Fast Fourier Transforms¶ ↑
Contents:
Mathematical Definitions¶ ↑
Fast Fourier Transforms are efficient algorithms for calculating the discrete fourier transform (DFT),
The DFT usually arises as an approximation to the continuous fourier transform when functions are sampled at discrete intervals in space or time. The naive evaluation of the discrete fourier transform is a matrixvector multiplication Wvec{z}. A general matrixvector multiplication takes O(N^2) operations for N datapoints. Fast fourier transform algorithms use a divideandconquer strategy to factorize the matrix W into smaller submatrices, corresponding to the integer factors of the length N. If N can be factorized into a product of integers f_1 f_2 … f_n then the DFT can be computed in O(N sum f_i) operations. For a radix2 FFT this gives an operation count of O(N log_2 N).
All the FFT functions offer three types of transform: forwards, inverse and backwards, based on the same mathematical definitions. The definition of the forward fourier transform, x = FFT(z), is, and the definition of the inverse fourier transform, x = IFFT(z), is, The factor of 1/N makes this a true inverse. For example, a call to gsl_fft_complex_forward followed by a call to gsl_fft_complex_inverse should return the original data (within numerical errors).
In general there are two possible choices for the sign of the exponential in the transform/ inversetransform pair. GSL follows the same convention as FFTPACK, using a negative exponential for the forward transform. The advantage of this convention is that the inverse transform recreates the original function with simple fourier synthesis. Numerical Recipes uses the opposite convention, a positive exponential in the forward transform.
The backwards FFT is simply our terminology for an unscaled version of the inverse FFT, When the overall scale of the result is unimportant it is often convenient to use the backwards FFT instead of the inverse to save unnecessary divisions.
Complex data FFTs¶ ↑
Overview of complex data FFTs¶ ↑
The complex data FFT routines are provided as instance methods of GSL::Vector::Complex.
Here is a table which shows the layout of the array data, and the correspondence between the timedomain complex data z, and the frequencydomain complex data x.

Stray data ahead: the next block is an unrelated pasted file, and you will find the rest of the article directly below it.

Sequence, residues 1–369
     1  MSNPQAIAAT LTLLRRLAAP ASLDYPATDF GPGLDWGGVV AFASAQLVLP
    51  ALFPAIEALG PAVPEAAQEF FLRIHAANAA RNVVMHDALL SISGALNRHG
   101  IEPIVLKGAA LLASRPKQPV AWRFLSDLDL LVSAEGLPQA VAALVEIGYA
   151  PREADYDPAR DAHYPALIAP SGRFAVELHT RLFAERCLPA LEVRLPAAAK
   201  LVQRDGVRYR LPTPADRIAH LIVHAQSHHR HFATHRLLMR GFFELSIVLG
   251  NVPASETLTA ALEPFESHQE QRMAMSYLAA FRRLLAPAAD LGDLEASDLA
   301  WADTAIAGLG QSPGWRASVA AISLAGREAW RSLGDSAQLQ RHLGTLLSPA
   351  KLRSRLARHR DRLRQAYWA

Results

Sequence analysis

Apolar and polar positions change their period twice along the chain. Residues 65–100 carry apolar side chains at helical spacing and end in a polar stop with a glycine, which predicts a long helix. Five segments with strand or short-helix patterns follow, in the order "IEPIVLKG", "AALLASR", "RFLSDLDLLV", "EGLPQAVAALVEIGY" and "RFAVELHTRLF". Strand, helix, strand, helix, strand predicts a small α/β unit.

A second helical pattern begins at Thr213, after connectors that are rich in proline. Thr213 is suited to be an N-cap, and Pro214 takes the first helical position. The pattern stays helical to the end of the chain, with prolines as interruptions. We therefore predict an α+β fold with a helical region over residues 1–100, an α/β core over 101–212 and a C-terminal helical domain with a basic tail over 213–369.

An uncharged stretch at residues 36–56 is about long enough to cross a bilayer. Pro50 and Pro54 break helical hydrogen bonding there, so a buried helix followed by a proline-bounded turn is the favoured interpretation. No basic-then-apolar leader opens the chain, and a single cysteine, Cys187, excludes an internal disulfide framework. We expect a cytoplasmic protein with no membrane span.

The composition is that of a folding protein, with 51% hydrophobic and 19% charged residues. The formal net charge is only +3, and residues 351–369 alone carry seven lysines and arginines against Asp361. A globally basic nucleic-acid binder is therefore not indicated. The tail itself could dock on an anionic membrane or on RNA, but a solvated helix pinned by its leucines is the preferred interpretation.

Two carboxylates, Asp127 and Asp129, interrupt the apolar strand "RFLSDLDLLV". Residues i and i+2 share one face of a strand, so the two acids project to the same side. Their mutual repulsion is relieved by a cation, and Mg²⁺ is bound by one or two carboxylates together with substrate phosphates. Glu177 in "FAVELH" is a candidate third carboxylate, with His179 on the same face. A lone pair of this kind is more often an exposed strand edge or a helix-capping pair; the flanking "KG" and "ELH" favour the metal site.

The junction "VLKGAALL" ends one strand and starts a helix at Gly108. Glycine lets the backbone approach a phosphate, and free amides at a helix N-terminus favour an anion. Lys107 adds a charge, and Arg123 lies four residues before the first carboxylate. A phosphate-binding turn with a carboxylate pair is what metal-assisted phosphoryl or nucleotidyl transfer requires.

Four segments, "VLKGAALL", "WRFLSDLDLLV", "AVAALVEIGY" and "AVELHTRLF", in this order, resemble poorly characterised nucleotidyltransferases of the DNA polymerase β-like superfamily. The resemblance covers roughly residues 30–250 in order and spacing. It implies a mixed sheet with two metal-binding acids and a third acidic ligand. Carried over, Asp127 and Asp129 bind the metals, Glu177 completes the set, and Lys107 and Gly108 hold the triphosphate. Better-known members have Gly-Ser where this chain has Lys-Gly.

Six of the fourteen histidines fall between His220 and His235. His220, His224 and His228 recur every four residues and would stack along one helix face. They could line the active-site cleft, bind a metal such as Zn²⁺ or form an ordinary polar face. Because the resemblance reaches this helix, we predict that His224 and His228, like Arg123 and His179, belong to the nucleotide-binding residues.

index z x = FFT(z) 0 z(t = 0) x(f = 0) 1 z(t = 1) x(f = 1/(N Delta)) 2 z(t = 2) x(f = 2/(N Delta)) . ........ .................. N/2 z(t = N/2) x(f = +1/(2 Delta), 1/(2 Delta)) . ........ .................. N3 z(t = N3) x(f = 3/(N Delta)) N2 z(t = N2) x(f = 2/(N Delta)) N1 z(t = N1) x(f = 1/(N Delta))
When N is even the location N/2 contains the most positive and negative frequencies +1/(2 Delta), 1/(2 Delta) which are equivalent. If N is odd then general structure of the table above still applies, but N/2 does not appear.
GSL::Vector::Complex provides four methods for shifting the frequency domain data between FFT order, shown in the table above, and natural order, which has the most negative freqeuncy component first, the zero frequency component in the middle, and the most positive frequency component last.

GSL::Vector::Complex#fftshift

GSL::Vector::Complex#fftshift!
Shifts the data of
self
from FFT order to natural order. The#fftshift
method leavesself
unmodified and returns a newGSL::Vector::Complex
object containing the shifted data. The#fftshift!
method modifiesself
inplace and returnsself
. Note that#fftshift
and#ifftshift
are equivalent for even lengths, but not for odd lengths.

GSL::Vector::Complex#ifftshift

GSL::Vector::Complex#ifftshift!
Shifts the data of
self
from natural order to FFT order. The#ifftshift
method leavesself
unmodified and returns a newGSL::Vector::Complex
object containing the shifted data. The#ifftshift!
method modifiesself
inplace and returnsself
. Note that#fftshift
and#ifftshift
are equivalent for even lengths, but not for odd lengths.
Radix2 FFT routines for complex data¶ ↑
The radix2 algorithms are simple and compact, although not necessarily the most efficient. They use the CooleyTukey algorithm to compute complex FFTs for lengths which are a power of 2 – no additional storage is required. The corresponding selfsorting mixedradix routines offer better performance at the expense of requiring additional working space.
The FFT methods described below return FFTed data, and the input
vector is not changed. Use methods with '!' as
tranform!
for inplace transform.

GSL::Vector::Complex#radix2_forward

GSL::Vector::Complex#radix2_backward

GSL::Vector::Complex#radix2_inverse
These functions compute forward, backward and inverse FFTs of the complex vector using a radix2 decimationintime algorithm. The length of the transform is restricted to powers of two. These methods return the FFTed data, and the input data is not changed.

GSL::Vector::Complex#radix2_transform(sign)
The sign argument can be either
GSL::FFT::FORWARD
orGSL::FFT::BACKWARD
.

GSL::Vector::Complex#radix2_dif_forward

GSL::Vector::Complex#radix2_dif_backward

GSL::Vector::Complex#radix2_dif_inverse

GSL::Vector::Complex#radix2_dif_transform
These are decimationinfrequency versions of the radix2 FFT functions.
Example of complex Radix2 FFT¶ ↑
Here is an example program which computes the FFT of a short pulse in a sample of length 128. To make the resulting Fourier transform real the pulse is defined for equal positive and negative times (10 … 10), where the negative times wrap around the end of the array.
require("gsl") include GSL n = 128 data = Vector::Complex[n] data[0] = 1.0 for i in 1..10 do data[i] = 1.0 data[ni] = 1.0 end #for i in 0...n do # printf("%d %e %e\n", i, data[i].re, data[i].im) #end # You can choose whichever you like #ffted = data.radix2_forward() ffted = data.radix2_transform(FFT::FORWARD) ffted /= Math::sqrt(n) for i in 0...n do printf("%d %e %e\n", i, ffted[i].re, ffted[i].im) end
Mixedradix FFT routines for complex data¶ ↑
ComplexWavetable class¶ ↑

GSL::FFT::ComplexWavetable.alloc(n)